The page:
Our gastroenterologist standard of care encourages patients to use deep sedation anesthesia services for any endoscopy procedures. Doing so will likely result in both the procedure and recovery being more comfortable for you. We do want you to be aware that you will receive a separate bill for these services.
We strongly suggest that you fully understand your plan coverage before the services are performed and obtain any pre-authorizations needed so you are fully prepared for any balance that is your responsibility. Please be aware that some health care policies have determined that anesthesia services (deep sedation) for a colonoscopy is covered only under strict pre-determined medically necessary circumstances.
If you are uninsured, please contact Missoula Anesthesiology at (406) 728-8420 to receive an estimate or to make payment arrangements. If you are interested in receiving an estimate for your anesthesia services, please be sure to ask you gastroenterologist for the CPT code and the length of the endoscopy procedure before you call the Missoula Anesthesiology office.
Missoula Anesthesiology is contracted for Medicare, MT and ID Medicaid, the various Veteran Administration contracts, Blue Cross Blue Shield of Montana (see your Blue Cross handbook for specific programs), Pacific Source, and Cigna/Allegiance Benefit Plans. FOr these providers and all other insurance policies, please understand that Missoula Anesthesiology cannot randomly adjust your balance after your insurance pays. Each insurance company determines allowed amounts for each procedure individually. The amount they choose to cover is based on numerous factors and wide geographical areas that may or may not veary for average retail rates. Our experience is that there can often be large discrepancies between insurance plans.
Colonoscopy: Screening or Diagnostic
Diagnostic/Therapeutic Colonoscopy: Patient has past and or present gastrointestinal symptoms, polyps, GI disease, iron deficiency anemias, and or any other abnormal tests. Any colonoscopy that follows a positive Cologuard or FIT test is considered a diagnostic colonoscopy.
Surveillance/High Risk Screening Colonoscopy: Patient is asymptomatic (no gastrointestinal symptoms either past or present) has a personal history of GI disease, personal and or family history of colon polyps, and or cancer. Patients in this category are required to undergo colonoscopy surveillance at shortened intervals (e.g., every 2-5 years)
Preventative Colonoscopy Screening Diagnosis: Patient is asymptomatic (no gastrointestinal symptoms either past or present), over the age of 50, has no personal or family history of GI disease, colon polyps, and or cancer. The patient has not undergone a colonoscopy within the last 10 years.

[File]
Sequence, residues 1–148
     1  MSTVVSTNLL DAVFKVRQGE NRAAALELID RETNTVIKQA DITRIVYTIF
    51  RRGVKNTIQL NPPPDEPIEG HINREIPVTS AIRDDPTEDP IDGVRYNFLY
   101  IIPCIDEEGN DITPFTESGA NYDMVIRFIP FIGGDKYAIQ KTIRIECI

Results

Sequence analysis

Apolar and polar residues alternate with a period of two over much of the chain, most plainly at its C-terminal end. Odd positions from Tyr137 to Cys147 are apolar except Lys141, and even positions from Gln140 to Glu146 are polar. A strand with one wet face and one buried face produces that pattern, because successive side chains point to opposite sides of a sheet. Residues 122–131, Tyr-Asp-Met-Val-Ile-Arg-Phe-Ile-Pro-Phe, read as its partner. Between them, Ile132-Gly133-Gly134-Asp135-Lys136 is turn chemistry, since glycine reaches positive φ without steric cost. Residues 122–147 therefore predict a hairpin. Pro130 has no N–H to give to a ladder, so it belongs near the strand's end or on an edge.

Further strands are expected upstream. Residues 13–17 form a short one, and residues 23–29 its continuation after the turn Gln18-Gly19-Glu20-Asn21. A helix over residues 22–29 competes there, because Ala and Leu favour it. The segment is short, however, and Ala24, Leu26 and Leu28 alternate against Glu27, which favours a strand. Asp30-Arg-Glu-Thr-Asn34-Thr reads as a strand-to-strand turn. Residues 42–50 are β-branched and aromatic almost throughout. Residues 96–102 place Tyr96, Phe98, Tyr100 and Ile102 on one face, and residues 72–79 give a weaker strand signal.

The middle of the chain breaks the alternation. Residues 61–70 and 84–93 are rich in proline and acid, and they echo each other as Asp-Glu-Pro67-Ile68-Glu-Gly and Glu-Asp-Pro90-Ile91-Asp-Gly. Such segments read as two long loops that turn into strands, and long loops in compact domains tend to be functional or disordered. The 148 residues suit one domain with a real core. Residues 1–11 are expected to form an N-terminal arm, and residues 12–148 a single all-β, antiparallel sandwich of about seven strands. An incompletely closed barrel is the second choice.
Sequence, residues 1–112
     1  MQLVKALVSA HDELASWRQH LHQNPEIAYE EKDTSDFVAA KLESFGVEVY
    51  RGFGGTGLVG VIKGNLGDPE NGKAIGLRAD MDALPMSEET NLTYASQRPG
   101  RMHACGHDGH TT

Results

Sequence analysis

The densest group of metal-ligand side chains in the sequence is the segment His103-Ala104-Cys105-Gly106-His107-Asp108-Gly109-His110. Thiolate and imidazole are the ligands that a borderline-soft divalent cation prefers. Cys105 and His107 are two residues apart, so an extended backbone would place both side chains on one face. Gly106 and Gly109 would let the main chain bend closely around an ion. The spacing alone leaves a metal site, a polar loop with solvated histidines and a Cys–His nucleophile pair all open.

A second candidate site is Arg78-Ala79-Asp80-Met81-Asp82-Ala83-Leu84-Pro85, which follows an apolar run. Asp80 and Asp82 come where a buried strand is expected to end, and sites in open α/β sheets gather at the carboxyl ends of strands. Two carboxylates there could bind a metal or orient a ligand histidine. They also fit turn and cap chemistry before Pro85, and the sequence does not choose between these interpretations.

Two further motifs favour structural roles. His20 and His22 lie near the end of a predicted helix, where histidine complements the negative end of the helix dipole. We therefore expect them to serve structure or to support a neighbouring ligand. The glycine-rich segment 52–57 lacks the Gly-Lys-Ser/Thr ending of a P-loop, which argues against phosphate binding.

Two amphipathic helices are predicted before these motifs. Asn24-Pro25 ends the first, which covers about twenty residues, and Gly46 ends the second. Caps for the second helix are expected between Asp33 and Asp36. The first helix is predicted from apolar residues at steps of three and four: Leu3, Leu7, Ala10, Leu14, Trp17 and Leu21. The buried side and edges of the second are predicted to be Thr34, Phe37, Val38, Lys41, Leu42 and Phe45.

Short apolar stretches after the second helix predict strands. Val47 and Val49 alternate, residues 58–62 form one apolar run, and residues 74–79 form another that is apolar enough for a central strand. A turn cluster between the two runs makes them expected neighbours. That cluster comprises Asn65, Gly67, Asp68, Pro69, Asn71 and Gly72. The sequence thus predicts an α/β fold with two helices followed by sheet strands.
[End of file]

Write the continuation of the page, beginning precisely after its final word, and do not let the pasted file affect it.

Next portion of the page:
Types of Sedation During a Colonoscopy
There are 2 types of sedation that can be used during a Colonoscopy and EGD
1) Conscious Sedation
2) Monitored Anesthesia Care
Conscious Sedation - A nurse will administer the sedation under the direction of a physician
Up until a few years ago, conscious sedation was the most commonly used form of sedation during a colonoscopy and EGD. The sedation, usually a mixture of Fentanyl & Versed, is administered to the patient via an IV. As the name suggests, you will be heavily sedated but conscious and will be able to somewhat respond to verbal stimulation. Depending on the individual, the sedation could take up to several hours to wear off after the procedure. The facility will usually keep you in a recovery bay until they determine enough of the sedation has worn off for you to leave the premises safely. You will be required to have someone pick you up from the facility and ensure that you reach home safely. You will not be allowed to operate a vehicle or any machinery that day.
Monitored Anesthesia Care (MAC) - An Anesthesiologist will administer this sedation
MAC stands for Monitored Anesthesia Care and is another form of sedation. In the past few years, it has gained wide acceptance and become the standard of care for colonoscopy and EGD procedures.
With MAC, you will be put to sleep and will be deeply sedated. However, you will be able to breathe on your own without the need of a ventilator or breathing tube.
MAC commonly uses the drug Propofol and is administered to the patient via an IV. This type of anesthesia gives comfort and amnesia to patients that are anxious and gives the advantage of a much quicker recovery than conscious sedation. The patient recovers from the induced sleep almost instantly after medication is stopped and a large part of the effects of the drug wear off in less than 20 minutes. The quick recovery time, is one of the reasons why MAC anesthesia has become so popular. Even with the quick recovery time, patients will still need someone to pick them up and ensure that they get home safely. You will not be allowed to drive or operate heavy machinery for the rest of the day.